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Cattails/reeds

Discussion in 'General Industry Questions' started by 673moto, Jun 8, 2022.

  1. Tinkerer

    Tinkerer Senior Member

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    7,802
    Location:
    The shore of the illinois river USA
    Cattails are persistent growers because they have roots nearly 3 feet long.
    Kinda like poison ivy --- repeated mowing will eventually kill them.
     
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  2. CM1995

    CM1995 Administrator

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    Jan 21, 2007
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    Occupation:
    Running what I brung and taking what I win
    Location:
    Alabama
    John I read the article. We can discuss the law as written but the politics behind the law is for other forums, not HEF.
     
    Last edited: Jun 10, 2022
    673moto likes this.
  3. thepumpguysc

    thepumpguysc Senior Member

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    Occupation:
    Master Inj.Pump rebuilder
    Location:
    Sunny South Carolina
    I remember like it was yesterday,
    dunking the brown part of the cat tails in gasoline, lighting it and whipping them thru the air .!!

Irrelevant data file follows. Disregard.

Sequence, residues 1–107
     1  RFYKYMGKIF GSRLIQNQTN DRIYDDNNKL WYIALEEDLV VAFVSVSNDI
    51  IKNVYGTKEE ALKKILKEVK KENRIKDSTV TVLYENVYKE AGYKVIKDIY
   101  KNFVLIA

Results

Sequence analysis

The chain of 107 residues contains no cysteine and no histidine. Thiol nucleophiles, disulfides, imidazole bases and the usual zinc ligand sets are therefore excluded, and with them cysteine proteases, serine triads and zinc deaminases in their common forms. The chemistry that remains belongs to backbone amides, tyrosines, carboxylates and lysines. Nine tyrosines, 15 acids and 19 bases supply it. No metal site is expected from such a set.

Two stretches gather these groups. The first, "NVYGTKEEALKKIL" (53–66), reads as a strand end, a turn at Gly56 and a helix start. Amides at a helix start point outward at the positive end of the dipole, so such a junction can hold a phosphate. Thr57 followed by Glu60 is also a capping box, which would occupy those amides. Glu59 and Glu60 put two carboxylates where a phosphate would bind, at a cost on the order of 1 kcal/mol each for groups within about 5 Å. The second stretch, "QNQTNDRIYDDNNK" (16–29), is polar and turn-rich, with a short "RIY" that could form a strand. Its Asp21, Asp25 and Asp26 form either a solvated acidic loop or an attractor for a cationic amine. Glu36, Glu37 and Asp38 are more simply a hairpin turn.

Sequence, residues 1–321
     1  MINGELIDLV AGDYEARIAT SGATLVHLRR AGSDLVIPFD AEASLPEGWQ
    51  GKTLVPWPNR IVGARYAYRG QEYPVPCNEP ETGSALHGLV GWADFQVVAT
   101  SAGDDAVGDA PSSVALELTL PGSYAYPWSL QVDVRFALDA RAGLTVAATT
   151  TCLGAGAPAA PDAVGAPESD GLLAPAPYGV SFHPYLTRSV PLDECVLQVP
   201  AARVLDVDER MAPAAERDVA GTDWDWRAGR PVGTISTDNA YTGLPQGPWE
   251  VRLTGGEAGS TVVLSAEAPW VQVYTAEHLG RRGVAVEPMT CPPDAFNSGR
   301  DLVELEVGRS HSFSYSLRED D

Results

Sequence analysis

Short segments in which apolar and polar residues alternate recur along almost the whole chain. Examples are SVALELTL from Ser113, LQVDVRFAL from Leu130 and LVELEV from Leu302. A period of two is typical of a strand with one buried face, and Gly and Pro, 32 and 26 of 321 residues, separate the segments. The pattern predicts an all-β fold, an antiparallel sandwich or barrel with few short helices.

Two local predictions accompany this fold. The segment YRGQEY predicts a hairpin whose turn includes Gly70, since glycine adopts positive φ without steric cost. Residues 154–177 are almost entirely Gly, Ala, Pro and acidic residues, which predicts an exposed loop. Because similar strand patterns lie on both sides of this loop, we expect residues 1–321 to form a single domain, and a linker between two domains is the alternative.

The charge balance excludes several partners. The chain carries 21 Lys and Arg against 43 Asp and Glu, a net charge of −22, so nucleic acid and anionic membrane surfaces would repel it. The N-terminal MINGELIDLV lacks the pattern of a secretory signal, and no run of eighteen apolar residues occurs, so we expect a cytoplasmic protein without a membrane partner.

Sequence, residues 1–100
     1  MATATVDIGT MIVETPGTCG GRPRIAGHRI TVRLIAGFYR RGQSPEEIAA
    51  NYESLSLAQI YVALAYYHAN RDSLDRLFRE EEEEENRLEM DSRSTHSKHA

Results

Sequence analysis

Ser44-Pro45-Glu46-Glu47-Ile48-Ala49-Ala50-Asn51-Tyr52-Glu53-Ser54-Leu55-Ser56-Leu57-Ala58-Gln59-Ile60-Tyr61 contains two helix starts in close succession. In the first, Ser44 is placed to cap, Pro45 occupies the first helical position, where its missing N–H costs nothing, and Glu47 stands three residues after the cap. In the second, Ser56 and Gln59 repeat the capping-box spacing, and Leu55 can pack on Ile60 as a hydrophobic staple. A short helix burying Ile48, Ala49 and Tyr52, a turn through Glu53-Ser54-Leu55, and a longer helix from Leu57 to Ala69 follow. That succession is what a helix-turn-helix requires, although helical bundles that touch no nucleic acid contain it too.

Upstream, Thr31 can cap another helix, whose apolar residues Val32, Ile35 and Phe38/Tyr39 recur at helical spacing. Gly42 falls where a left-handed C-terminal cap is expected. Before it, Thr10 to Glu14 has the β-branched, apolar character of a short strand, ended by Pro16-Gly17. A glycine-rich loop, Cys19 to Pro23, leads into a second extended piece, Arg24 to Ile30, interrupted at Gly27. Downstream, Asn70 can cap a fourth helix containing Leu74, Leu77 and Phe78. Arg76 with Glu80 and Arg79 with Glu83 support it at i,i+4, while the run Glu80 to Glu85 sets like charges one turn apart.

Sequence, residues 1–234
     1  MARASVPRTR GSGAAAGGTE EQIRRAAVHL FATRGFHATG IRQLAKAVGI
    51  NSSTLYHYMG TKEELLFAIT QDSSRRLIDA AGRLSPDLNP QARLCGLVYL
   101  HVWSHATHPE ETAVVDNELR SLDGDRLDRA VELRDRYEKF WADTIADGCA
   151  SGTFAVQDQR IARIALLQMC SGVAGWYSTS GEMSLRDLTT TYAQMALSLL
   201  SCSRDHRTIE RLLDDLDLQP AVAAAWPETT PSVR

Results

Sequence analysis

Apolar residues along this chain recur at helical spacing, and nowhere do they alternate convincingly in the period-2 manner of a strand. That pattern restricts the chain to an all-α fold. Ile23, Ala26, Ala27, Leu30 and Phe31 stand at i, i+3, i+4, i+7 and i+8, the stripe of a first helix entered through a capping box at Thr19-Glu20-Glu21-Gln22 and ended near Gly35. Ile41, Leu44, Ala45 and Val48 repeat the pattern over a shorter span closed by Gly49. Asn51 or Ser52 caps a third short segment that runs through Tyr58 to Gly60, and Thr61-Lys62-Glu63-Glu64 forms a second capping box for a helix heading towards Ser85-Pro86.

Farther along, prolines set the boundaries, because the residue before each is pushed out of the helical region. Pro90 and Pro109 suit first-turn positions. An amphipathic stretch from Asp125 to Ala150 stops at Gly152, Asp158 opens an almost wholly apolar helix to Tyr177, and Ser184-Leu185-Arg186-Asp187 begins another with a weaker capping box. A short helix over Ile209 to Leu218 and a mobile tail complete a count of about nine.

Oh what fun.. Don’t get rid of them till u try it..
     
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  4. digger doug

    digger doug Senior Member

    Joined:
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    Occupation:
    Thrash-A-Matic designer
    Location:
    NW Pennsylvania
    My point about mowing them is simple.
    1. you (or anyone else) didn't plant them, the seeds float thru the air, and the area in question is good for them to grow in.
    2. digging, burning, poisoning only get's you in
    trouble with authorities.
    3. As the seeds are always blowing in the wind, you'll not succeed in wiping them out.
    4. Mowing will fix the problem of drainage. Granted, you'll need to doo it each year, but you doo mow ditch banks every year eh ?
     
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  5. John C.

    John C. Senior Member

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    Occupation:
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    The county has a boom mulcher that they use on the drainage ditches along side the roads. Works well but it seems they only do the ditches that might affect some important person. They always claim they are out of money to do all the ditches.
     
    digger doug likes this.
  6. Tarhe Driver

    Tarhe Driver Well-Known Member

    Joined:
    Nov 16, 2015
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    Occupation:
    Comm. Real Est Appraiser-Retired cargo/helo pilot
    Location:
    Savannah, GA
    Caveat: I am merely an old-dirt appraiser. The U.S. Fish & Wildlife Service's National Wetlands Inventory maps (NWIs) provides an indication of maybe whether regulatory wetlands are present. But those maps are not a delineation of regulatory wetlands, which can only be approved by the District of the U.S. Army Corps of Engineers within which the property lies. Remember that the EPA prosecutes unauthorized wetlands impacts, and have sent some to federal prison for such.